With little or no help available from the NHS, or international equivalents, people have turned, in droves, to the internet for withdrawal support. There has been little research into these peer support communities. But my colleagues and I recently published a study following 13 facebook withdrawal support groups for a year. We found a total membership of 67,125, and an annual growth rate of 28 percent. Group members were 82.5 percent female, as were 80 percent of the administrators and moderators, all of whom are volunteers. The most common reason for seeking out help was failed doctor-led withdrawal.

    We concluded: “Further research should focus on the methods of support and tapering protocols used in these groups to enable improved, more informed support by clinicians. Support from governments and healthcare agencies is also needed, internationally, to address this issue.”

    Two years ago, I served on the expert advisory panel to a report by Public Health England (PHE), into “Dependence and Withdrawal Associated with some Prescribed Medicines.” Dr. James Davies (University of Roehampton) and I published a review of the research on antidepressant withdrawal for the PHE inquiry. We found that 56 percent of people experience withdrawal symptoms when trying to reduce or come off the drugs. Furthermore, nearly half (46 percent) of those people categorised the withdrawal symptoms as “severe,” and several studies reported that these symptoms could last for many months.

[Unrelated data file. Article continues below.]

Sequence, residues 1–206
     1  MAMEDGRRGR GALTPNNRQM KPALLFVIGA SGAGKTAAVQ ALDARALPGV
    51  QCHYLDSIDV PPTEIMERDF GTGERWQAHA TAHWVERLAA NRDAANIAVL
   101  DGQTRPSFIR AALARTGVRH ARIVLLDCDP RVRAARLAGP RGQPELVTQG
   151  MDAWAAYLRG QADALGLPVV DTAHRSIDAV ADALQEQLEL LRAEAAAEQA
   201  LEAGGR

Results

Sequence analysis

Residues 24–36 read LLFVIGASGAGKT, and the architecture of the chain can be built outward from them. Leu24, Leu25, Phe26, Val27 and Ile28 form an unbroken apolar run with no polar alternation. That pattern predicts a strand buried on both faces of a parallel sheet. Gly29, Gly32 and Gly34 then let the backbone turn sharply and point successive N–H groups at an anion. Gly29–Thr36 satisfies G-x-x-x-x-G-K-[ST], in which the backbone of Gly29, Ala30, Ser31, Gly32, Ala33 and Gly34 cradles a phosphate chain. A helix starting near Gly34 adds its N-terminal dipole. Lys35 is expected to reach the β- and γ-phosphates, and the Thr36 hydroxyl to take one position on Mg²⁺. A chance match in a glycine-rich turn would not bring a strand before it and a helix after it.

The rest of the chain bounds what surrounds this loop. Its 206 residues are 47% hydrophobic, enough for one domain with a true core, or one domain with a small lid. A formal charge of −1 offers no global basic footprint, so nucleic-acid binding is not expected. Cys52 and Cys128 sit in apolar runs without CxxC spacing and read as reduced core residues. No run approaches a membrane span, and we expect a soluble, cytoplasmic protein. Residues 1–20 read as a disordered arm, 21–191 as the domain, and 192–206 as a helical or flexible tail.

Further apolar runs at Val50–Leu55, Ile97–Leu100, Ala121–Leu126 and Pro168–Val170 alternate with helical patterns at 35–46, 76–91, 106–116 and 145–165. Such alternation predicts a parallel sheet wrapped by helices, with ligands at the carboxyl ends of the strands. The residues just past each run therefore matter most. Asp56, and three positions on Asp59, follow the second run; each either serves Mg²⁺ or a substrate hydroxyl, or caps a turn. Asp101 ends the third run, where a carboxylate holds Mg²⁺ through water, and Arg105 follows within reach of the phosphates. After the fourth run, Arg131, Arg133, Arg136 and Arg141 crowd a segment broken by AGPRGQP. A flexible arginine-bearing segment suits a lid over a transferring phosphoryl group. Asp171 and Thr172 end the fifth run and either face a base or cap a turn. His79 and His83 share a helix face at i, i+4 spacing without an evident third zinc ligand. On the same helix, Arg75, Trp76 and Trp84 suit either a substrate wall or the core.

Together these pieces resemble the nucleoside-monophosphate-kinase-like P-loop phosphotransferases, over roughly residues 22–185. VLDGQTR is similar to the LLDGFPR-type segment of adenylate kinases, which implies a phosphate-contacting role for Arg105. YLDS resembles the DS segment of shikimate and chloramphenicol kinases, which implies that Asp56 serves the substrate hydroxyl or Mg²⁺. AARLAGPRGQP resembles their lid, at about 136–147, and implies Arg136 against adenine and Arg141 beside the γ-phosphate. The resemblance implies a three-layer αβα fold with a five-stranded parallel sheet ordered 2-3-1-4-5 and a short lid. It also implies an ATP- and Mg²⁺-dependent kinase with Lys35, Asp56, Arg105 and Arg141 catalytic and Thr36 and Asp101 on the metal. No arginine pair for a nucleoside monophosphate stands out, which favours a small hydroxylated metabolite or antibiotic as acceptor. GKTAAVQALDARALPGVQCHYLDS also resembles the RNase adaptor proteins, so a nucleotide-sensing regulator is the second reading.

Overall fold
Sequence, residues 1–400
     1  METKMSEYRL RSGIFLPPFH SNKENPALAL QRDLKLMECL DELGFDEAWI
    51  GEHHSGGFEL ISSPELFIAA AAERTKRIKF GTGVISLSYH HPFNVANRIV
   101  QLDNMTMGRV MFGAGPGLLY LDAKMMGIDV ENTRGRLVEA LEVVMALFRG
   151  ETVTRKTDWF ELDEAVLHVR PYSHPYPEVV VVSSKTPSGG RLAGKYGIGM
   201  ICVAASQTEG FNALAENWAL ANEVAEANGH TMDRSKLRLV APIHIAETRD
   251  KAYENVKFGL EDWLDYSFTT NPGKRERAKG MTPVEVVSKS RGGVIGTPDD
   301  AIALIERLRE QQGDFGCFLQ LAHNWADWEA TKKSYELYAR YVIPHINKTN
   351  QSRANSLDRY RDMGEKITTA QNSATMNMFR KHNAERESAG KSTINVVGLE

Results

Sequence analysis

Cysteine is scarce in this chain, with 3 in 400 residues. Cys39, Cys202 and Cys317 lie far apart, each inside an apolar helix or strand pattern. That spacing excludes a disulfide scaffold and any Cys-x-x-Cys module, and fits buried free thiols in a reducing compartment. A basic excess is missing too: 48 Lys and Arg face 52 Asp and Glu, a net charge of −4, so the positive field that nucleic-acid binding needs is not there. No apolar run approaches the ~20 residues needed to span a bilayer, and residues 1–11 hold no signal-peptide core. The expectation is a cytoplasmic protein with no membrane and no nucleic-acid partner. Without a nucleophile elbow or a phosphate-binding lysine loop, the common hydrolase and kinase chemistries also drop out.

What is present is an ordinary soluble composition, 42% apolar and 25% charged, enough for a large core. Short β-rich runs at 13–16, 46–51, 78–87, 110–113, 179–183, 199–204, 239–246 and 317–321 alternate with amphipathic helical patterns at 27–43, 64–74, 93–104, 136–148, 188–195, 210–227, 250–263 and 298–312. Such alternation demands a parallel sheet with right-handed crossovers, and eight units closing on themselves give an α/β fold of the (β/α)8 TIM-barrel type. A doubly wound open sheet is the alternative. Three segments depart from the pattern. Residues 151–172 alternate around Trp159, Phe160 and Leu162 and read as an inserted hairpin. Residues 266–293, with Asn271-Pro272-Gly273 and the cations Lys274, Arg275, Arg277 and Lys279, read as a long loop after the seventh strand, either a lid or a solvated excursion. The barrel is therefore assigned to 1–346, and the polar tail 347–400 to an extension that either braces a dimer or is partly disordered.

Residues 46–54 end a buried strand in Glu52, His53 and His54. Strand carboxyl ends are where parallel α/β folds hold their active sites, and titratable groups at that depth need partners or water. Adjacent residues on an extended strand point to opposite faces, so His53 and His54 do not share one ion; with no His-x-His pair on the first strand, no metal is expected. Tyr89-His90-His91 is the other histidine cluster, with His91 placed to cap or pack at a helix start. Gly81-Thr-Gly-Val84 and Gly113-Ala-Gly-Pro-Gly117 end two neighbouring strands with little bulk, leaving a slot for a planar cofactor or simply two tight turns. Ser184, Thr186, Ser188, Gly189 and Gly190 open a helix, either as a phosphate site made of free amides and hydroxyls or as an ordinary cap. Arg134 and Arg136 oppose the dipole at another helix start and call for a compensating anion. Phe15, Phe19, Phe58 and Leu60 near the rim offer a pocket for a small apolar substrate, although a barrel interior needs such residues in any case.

Following the PHE report, the Royal College of Psychiatrists and NICE (but not the APA or pharmaceutical companies) have updated and corrected their guidance. Finally, more people—at least in the UK—will be told about the risks of severe, protracted withdrawal before deciding whether to take the drugs, and more people will be told that they need to come off very slowly, particularly towards the very end of the tapering process.

    Meanwhile, the UK’s psychotherapy, counselling, and psychology associations joined in and produced a “Guidance for Psychological Therapists: Enabling Conversations With Clients Taking or Withdrawing From Prescribed Psychiatric Drugs.” This is important because many therapists and psychologists have paid little attention to clients’ struggles with these issues, often because they see it as “the doctor’s business.”

    The PHE report called for dedicated local support services for people withdrawing from prescribed medicines, and a national helpline. I am now an advisor to the “NHS England and NHS Improvement” task force commissioned to implement these recommendations. In my view, it will be medically, morally, and financially negligent for the government to continue to ignore the long-denied needs of hundreds of thousands of people across the UK, predominantly women, older people, and poorer people.

    My international colleagues tell me that the UK is, on this issue at least, streets ahead of the rest of the world, which is only just beginning to acknowledged the problem exists.

    World Mental Health Day seems like an opportunity to shine a light on this epidemic of unnecessary suffering and the need for those who contributed to it to step up and help fix it.